I remember trips to the cabin with Dad.  The preparation was horrendous.  He was a prickly bear, growling at all of us. The first half hour of the trip, we could watch the stress of the world drain off him.  Minute by minute passed and he became more pleasant.  He began laughing with us and telling us about the plans he had for the trip.

As Dad got older and retired, he moved close enough that he could get to the cabin within fifteen minutes.  He spent days and weeks out here, away from everyone, enjoying the peace and quiet that could be found. Again, he loved sharing the place with people, but even moreso, he loved being alone.

While I scoffed at this behavior at the time, I've since found that it is truly my behavior as well.  Even when I was working and involved in things that kept me away from the house fourteen hours a day, I began looking to carve out time when no one would be anywhere near me.  My friends rarely saw the inside of my house, I'd stay up late into the night so that I could be alone and slept when everyone else was awake and playing. I did shopping online so that my free time could be used doing things inside my head.

The funny thing is - I'm an extrovert.  Working with groups of people charges my batteries.  I always knew that no matter how much I grumbled about going to a choir rehearsal or a bible study at church, I'd feel great when I was finished. I love my friends. I love people.

But, even more than all of that love I feel for the world around me, I am a hermit.

Most people don't understand this behavior. For the most part, the world wants everyone to act in the same manner.  We should all leave our homes regularly and interact at high levels.  Community is important.  Caring for others is important. Being together is important.  Even the Bible says that it isn't good for man to be alone.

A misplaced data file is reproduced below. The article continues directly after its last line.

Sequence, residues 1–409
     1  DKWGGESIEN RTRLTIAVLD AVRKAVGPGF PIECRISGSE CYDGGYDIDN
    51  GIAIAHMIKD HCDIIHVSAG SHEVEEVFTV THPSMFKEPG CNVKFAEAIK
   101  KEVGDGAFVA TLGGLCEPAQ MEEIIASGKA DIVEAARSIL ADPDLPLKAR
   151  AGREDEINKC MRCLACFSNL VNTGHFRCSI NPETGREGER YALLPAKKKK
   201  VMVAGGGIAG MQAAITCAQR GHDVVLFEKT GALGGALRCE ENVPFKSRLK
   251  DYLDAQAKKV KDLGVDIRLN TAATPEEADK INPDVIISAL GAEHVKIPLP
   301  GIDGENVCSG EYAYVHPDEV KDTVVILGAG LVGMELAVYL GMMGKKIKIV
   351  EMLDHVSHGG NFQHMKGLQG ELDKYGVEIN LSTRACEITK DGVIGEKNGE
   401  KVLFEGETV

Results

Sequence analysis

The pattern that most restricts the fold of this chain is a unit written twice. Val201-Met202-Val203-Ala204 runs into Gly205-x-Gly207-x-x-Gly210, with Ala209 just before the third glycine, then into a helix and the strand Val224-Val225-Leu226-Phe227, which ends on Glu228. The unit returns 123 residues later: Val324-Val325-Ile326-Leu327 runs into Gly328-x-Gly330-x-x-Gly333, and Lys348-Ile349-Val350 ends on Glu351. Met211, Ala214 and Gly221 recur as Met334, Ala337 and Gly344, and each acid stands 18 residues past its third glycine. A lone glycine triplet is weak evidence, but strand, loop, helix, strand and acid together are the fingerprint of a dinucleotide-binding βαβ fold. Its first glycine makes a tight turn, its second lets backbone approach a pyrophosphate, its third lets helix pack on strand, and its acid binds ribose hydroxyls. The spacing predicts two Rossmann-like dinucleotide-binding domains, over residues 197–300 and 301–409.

What am I supposed to do with this? Well, for now, I'm embracing the fact that I can get away with being a hermit. Seminary is going to force me to be on campus at some point, so I'll have to play nice with their requirements, but I love being allowed to think and write and read in the quiet. I love re-entering the world on my terms and leaving again whenever I can.  While some friends might not understand it and many may have written me off for it - I'm cool with that.

I don't know if I'll ever re-enter the world at the level in which I co-existed with it before this quiet time.  I really don't want to. I don't want the insanity of restaurants every night and traffic and noise, insane schedules and crazy hits to my system.

Hah. This post was going to simply tell you that I loved being alone and yet I loved having a kitty cat show up in my life.  I have pictures to share (because he's adorable) and it seems as if I've finally overwhelmed my Facebook family with my crazy cat self - they're starting to comment on it.  All of a sudden, though, it seems to have turned into a bit of a manifesto.  I didn't mean to do that.  But, there it is.